Mom taking care of everyone else has no time for herself

DEAR ABBY: I am a stay-at-home mom to three wonderful little girls. I appreciate my husband working so I can do this, but I’m very lonely. I have no real friends.

I help my mom with all her medical needs, making appointments and getting her to them. I also help my brother with his three kids. I help everyone with everything.

In addition to running my home and taking care of our three children, I do everything for my husband. All he has to do when he comes home from work is eat and take a shower.

I haven’t been anywhere by myself in a very long time. We haven’t had a date night, either. Finding a baby sitter isn’t easy. Mom can’t watch the kids, and my grandparents do it only when I need to take her to the doctor’s without the baby. I take the baby everywhere with me.

Please give me some advice on making time for myself and my marriage. I just need someone to be on MY side. — LONELIEST MOM IN ILLINOIS

DEAR MOM: I’m on your side. You have been so helpful to everyone else that you have forgotten how to take care of yourself. Tell your husband what you need — a date night with him every two weeks and a day or two to take care of yourself each month. It will do wonders for your spirits. When you do, ask your brother to watch your children for you. If he refuses, hiring someone to baby-sit would be money well spent.

The problem with being a martyr is that people die doing it, so recognize it’s time to stand up for yourself. If you don’t, by now you should understand that nobody will do it for you.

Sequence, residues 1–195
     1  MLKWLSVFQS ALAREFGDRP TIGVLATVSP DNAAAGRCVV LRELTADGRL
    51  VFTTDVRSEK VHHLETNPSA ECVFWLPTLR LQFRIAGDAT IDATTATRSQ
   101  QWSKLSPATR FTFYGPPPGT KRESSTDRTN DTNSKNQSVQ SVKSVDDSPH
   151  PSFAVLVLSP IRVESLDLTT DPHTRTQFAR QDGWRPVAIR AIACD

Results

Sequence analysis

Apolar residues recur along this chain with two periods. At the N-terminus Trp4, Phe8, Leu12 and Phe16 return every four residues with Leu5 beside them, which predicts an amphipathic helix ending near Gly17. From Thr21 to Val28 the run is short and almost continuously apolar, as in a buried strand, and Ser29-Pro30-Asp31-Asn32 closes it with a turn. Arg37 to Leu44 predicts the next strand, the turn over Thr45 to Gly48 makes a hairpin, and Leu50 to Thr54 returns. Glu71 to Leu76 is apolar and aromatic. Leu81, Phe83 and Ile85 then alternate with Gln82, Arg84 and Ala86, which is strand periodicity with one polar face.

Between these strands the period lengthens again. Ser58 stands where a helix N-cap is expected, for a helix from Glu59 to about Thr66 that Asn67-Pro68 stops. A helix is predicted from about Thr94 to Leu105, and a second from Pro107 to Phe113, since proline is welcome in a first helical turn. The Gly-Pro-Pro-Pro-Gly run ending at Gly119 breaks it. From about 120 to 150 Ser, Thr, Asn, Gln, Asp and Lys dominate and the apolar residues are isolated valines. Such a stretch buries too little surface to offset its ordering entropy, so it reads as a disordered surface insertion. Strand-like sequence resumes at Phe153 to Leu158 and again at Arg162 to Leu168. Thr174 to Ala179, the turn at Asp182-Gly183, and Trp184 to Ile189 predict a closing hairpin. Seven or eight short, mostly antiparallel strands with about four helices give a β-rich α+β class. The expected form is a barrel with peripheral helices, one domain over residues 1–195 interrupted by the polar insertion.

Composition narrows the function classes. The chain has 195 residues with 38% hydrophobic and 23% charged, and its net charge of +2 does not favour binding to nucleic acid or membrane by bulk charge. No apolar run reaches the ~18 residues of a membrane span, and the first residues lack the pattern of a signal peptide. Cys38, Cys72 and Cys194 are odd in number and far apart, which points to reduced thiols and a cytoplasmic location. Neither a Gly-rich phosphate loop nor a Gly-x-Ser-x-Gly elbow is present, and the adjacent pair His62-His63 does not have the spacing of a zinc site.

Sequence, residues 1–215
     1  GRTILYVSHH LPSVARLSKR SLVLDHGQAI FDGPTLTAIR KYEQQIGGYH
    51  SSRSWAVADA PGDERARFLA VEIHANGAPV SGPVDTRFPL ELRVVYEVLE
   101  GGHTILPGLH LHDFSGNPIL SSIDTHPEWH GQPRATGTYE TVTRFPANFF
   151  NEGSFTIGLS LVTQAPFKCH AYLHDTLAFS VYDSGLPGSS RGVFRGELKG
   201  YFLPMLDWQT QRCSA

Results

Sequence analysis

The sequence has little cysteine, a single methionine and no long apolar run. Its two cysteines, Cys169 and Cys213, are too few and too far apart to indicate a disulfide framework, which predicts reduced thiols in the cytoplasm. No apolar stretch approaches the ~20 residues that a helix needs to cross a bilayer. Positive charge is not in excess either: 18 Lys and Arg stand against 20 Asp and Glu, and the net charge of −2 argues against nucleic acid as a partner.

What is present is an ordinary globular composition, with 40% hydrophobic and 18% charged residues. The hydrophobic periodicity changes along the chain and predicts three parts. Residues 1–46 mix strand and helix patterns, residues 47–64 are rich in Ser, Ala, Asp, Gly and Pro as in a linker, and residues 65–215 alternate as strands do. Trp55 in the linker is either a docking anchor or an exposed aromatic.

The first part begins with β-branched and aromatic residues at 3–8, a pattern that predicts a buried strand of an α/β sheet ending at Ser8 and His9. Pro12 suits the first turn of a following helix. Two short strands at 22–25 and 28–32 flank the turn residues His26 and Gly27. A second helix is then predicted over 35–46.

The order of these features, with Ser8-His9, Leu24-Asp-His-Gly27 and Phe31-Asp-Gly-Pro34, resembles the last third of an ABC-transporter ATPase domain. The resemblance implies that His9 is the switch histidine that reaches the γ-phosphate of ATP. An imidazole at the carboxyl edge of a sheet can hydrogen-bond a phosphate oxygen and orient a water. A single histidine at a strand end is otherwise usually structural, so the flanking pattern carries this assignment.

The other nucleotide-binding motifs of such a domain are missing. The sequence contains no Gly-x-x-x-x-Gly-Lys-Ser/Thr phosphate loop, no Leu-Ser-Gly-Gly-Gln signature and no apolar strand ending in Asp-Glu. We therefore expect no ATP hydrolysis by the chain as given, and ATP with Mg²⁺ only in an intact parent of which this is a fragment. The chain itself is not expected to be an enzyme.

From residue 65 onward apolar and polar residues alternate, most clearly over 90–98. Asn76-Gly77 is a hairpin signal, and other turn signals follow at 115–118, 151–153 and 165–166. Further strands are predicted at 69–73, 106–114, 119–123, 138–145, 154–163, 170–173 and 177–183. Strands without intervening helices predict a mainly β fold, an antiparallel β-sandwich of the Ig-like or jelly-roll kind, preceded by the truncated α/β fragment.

DEAR ABBY: My father was married before he met my mother and had five wonderful children during his previous marriage. When my half-brother got married two years ago, he invited our father, my mother and me to his wedding. My parents declined because they didn’t want to see my father’s ex-wife (my half-brother’s mother). I went because, quite frankly, I have no dog in that fight.

I recently got word that my half-sister is getting married in June and plans on inviting our father and my mother as well. Due to their absence at my half-brother’s wedding, my parents have decided they shouldn’t go to any of my half-siblings’ weddings in order to be fair to everyone.

Although I’m upset that they’re refusing to attend, I can’t help but wonder what I should do when I get married. Because they’re my parents and I love them, I’d like them to come. But I also want to be sensitive to my half-siblings’ thoughts and feelings. I don’t want them to feel as if their father and stepmother love me more than they love them. What should I do? — TROUBLED IN KENTUCKY